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ZOOL 351: Cell and Molecular Biology: Home

Course Professor


Dr. David Markwardt


Professor Markwardt did both his undergraduate and graduate work at the University of Wisconsin-Madison. He earned a BS in Zoology and a PhD in Pharmacology, with a research emphasis on Cell and Molecular Biology. Dr. Markwardt did a three-year postdoctoral fellowship in Genetics, funded by the National Institutes of Health, also in Madison. He likes to spend his free time reading or hiking with his wife (Rachel) and kids (Henry and Anna). He is an avid fan of the Green Bay Packers, the Milwaukee Brewers, and the Wisconsin Badgers. Professor Markwardt is interested in the molecular mechanisms that cells use to adapt their gene expression “program” to changes in the local environment. Specifically, his lab focuses on mechanisms used to regulate mRNA degradation in order to modulate gene expression. He uses the model organs Schizosaccharomyces pombe (fission yeast) and Caenorhabditis elegans (soil nematode) to understand fundamental principles of eukaryotic gene regulation.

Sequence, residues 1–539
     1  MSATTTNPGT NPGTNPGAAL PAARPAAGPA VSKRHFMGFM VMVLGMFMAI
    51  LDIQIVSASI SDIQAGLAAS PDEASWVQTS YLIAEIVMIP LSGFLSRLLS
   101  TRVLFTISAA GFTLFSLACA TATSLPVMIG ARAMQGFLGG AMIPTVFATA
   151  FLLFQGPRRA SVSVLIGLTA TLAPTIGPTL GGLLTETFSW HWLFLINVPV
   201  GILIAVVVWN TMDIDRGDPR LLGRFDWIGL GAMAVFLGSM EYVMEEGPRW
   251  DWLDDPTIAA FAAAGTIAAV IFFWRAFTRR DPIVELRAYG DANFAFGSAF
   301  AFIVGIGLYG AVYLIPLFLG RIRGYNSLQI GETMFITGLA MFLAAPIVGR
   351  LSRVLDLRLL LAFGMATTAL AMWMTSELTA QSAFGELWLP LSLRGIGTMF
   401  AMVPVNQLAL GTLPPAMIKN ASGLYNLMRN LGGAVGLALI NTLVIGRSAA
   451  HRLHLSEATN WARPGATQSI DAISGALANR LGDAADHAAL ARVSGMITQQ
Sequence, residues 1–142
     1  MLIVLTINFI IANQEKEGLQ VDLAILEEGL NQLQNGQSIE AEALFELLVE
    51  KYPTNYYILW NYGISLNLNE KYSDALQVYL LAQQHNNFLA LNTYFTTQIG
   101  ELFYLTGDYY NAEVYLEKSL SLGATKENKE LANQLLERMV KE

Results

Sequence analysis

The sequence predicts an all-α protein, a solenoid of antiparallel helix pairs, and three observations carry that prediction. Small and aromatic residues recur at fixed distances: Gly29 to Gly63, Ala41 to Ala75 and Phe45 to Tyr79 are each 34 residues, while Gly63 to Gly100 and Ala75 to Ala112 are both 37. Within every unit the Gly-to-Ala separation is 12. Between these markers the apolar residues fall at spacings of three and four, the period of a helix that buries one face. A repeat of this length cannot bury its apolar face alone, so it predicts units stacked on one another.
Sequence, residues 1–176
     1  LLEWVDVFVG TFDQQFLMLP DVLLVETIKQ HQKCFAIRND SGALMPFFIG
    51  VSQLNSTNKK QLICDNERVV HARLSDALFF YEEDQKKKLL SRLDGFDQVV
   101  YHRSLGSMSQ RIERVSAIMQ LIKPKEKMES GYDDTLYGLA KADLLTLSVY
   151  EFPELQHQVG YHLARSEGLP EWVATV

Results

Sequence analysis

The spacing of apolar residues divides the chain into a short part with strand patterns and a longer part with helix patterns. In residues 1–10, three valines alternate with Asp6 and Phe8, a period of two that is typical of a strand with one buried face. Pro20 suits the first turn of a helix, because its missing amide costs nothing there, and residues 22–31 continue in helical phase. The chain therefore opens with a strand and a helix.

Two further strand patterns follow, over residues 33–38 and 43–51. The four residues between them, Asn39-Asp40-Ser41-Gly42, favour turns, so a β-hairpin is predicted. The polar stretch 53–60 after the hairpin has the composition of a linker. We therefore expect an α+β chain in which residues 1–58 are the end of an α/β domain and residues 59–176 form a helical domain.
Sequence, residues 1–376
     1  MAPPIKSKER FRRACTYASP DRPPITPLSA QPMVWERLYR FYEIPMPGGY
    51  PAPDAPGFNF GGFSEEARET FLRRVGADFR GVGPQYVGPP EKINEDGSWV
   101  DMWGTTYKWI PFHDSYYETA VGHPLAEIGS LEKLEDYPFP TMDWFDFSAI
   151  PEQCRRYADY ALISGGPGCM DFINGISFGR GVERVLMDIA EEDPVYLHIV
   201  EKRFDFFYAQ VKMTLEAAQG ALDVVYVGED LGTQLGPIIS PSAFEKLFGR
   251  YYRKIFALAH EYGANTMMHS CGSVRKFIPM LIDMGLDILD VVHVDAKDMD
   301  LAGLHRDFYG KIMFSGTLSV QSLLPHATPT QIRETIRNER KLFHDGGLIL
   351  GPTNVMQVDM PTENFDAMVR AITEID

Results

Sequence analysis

Course Description

Topics in this course center on the following fundamental questions: How is the genome structured and organized? How is the information contained within the genome expressed in time and space? What factors control the cell division cycle and how do they work? How are proteins and lipids made, organized, modified, and moved within the cytoplasm? What kinds of systems control the growth of cells in their appropriate social context and what kind of pathologies result when these regulatory systems fail? A series of recent papers will be used to learn about model building and prediction testing. The lab will introduce a variety of modern molecular techniques and model organisms. Lecture and laboratory. Prerequisites: CHEM 110, 111 and BOMI/ZOOL 120. CHEM 260 is recommended.

Independent Research Proposal Assignment

The vast majority of all biomedical research in this country is funded through government organizations such as the National Science Foundation (NSF) and the National Institutes of Health (NIH). In order to receive funding from organizations like these, academic scientists first have to write a detailed research proposal that they then submit for evaluation and review by a panel of experts. Although there are many different kinds of proposals, most of those submitted to the NSF and NIH follow the general format requirement of the NIH Research Project Grant (R-01). Your assignment is to develop and write a research project grant using the formatting requirements of the R01 as a general guide.